Oh, i didnt know, that. I thought that the grill was like…you know a soe tiny, “pallogrilli”-like huge thing. So the grill, in this case, is more like the “net” or similar, a surface for grillaaminen :). Well, now i am a bit viser,sorry 🙂 Ive seen the grill,in some pics, from your alreay i think. My bussy has a similar in his boat, its good for cooking at small islands while fishing etc.

    Well, if i have funds, ill go just about anywhere,its about the only limiting factor to me, the frigging money. I am free to go anytime anywhere,but the cost of gas and tickets,aint a small issue. Even if i have funds to buy tickets,i feel like i am paying for nothing actually.

    Hey, i bet that old gent was paha or tyhmä,as he spoke russian, he might have been a spy,after all,and spy people speak russian,hahaha.

  6. Perkunas says:

    bussy :)…as BuDDY,sorry. My typing ait good,ill blame it for these tiny buttons and big fingers.

  7. Perkunas says:

    I bet, you might be Finn in one case. We say that when you go for a hike in lapland for the first time, we get this lapland fever that cant be healed.

  8. Well, the cheapest way to get up to Lapland would probably be to drive. So if you can make your way up here to Saimaa somehow, we can drive up together and split the cost of gas. If we can get somebody else to go, too, we can split it three ways.

    Have you been to Lemmenjoki?

  9. Perkunas says:

    Yep,i can say that ive been just about every place in lapland, seriously. In 20 years of my life ive done many goodandlong hikes there, and i must say the best trips are done where there are no marked parks & trails and in lemmenjoki….if something, you must pack a fishing gear with you.
    Theres also loads of historical sites there, if you like em, atleast i do love to see old ruins of cabins, the campsites ofgold washers etc. In fall of 2012, there wil also be a “ruska vaellus”, to Muotkatunturit, that i will most likely attend. 5 to 7 nights in the wild, in unpredictable weathers, it will me maybe….60 to 120 kilometers long. We´ll rent a 53 person bus,and split the costs.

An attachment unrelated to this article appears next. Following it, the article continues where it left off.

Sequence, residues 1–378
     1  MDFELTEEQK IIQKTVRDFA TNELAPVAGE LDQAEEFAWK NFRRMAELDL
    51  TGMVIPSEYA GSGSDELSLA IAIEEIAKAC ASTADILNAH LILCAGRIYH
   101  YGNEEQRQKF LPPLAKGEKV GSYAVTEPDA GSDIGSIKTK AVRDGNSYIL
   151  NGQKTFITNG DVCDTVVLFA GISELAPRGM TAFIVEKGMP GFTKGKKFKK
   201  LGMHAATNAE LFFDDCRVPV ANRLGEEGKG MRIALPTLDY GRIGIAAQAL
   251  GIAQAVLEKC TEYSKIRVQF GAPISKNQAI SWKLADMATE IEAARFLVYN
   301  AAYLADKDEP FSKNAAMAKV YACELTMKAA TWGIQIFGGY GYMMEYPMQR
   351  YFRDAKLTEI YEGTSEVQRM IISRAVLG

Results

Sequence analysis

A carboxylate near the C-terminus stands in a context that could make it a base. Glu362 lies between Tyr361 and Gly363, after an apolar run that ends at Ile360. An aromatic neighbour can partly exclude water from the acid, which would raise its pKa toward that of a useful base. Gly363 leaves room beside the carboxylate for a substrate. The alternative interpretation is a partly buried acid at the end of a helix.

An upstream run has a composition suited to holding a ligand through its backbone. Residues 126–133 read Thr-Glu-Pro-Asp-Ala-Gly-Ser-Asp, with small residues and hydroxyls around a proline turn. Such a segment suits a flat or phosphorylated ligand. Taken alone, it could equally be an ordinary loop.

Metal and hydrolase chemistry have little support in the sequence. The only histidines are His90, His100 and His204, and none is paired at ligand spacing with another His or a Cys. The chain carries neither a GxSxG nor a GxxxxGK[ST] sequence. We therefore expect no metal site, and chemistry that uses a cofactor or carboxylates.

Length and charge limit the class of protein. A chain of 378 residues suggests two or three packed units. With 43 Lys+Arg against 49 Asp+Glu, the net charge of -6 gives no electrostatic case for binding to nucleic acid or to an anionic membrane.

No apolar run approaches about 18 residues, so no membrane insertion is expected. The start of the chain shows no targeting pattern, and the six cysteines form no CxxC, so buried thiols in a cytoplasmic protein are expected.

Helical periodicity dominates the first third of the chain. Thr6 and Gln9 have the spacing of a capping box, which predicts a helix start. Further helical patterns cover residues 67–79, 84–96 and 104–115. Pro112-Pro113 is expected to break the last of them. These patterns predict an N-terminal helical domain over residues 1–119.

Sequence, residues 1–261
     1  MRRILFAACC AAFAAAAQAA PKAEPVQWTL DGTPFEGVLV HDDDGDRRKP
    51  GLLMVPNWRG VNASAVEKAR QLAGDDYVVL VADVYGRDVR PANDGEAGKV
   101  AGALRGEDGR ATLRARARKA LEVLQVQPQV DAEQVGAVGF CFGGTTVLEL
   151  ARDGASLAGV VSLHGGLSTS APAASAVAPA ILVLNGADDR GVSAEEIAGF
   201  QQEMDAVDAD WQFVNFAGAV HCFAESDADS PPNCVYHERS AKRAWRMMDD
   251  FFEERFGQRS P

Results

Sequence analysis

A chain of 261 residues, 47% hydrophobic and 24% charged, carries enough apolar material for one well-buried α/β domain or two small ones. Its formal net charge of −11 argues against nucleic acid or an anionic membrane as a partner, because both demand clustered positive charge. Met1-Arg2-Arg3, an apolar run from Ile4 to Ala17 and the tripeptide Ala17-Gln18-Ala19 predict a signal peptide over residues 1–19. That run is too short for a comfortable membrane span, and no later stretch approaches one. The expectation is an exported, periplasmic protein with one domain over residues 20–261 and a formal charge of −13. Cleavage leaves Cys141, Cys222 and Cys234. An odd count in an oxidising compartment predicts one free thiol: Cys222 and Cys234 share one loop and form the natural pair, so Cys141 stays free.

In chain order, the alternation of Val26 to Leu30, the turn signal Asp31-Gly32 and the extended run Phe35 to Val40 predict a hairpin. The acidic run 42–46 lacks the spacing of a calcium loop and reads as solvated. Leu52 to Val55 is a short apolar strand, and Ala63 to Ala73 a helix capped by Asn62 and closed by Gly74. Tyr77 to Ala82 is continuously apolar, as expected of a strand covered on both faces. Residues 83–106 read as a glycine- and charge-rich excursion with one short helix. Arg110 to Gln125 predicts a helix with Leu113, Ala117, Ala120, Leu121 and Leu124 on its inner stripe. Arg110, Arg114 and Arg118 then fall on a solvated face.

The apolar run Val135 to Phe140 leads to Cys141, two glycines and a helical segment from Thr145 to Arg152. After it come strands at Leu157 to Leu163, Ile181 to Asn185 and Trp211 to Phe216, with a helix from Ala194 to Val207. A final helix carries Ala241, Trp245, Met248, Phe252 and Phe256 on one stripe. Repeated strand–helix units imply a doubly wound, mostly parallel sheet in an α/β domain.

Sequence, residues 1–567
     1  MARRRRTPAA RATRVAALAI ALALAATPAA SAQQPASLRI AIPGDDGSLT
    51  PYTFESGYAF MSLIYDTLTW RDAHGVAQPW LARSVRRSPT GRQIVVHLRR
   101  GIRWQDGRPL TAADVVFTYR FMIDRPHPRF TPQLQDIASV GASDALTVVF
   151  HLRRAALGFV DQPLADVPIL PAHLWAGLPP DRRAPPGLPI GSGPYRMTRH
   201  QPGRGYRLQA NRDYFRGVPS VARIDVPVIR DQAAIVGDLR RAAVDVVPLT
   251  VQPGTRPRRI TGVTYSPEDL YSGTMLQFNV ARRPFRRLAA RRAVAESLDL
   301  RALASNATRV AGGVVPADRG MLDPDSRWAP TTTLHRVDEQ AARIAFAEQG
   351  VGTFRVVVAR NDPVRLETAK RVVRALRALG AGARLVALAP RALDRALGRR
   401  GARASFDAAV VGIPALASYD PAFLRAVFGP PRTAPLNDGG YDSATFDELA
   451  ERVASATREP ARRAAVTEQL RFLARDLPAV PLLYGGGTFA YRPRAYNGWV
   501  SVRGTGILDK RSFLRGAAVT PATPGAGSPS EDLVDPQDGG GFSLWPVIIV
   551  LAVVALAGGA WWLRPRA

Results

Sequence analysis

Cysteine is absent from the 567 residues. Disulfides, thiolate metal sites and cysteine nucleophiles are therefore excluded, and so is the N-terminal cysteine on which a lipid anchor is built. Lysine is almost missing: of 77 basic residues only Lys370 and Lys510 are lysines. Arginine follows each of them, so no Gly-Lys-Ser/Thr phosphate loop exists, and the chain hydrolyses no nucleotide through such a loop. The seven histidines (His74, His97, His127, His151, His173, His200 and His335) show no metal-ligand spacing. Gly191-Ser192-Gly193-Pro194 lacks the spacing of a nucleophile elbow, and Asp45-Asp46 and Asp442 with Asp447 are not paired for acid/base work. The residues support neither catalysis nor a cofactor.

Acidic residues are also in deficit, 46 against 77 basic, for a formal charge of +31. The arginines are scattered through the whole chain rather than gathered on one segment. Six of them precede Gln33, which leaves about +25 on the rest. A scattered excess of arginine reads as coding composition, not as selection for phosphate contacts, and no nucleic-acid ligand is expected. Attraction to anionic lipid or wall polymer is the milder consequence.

10. Of course the best stuff is off the marked trails. Next year’s Lapland trip will be very different from this year’s. In addition to having a great wilderness experience, the purpose of my 2011 trip was to see what it’s like there and learn as much as I can for future trips. I improved my orienteering skills by using a map and compass the whole time, experienced the different terrain types, looked around to see what kind of firewood is available for cooking with wood-burning stoves, paid attention to how much food I ate and LOTS more. This trip was an easy “beginner’s trip”. Now I have a much better idea of what to expect in the future, so I can go for a longer time and away from the marked trails. Before the trip, I didn’t have a good idea of what it would be like. Yes, I’ve taken trips to other places, but everyplace is different.

    That ruska vaellus looks interesting. I’m not sure it’s for me, but I’d consider it. I’m more interested in spending 2 weeks and going where I want, when I want and how far I want. I might want to spend a whole day or two in one place if I feel like it. I’m not too crazy about the “race” aspect of ruska vaellus or the biking etc. But never say never. I might feel differently next year. 🙂

  11. OZme says: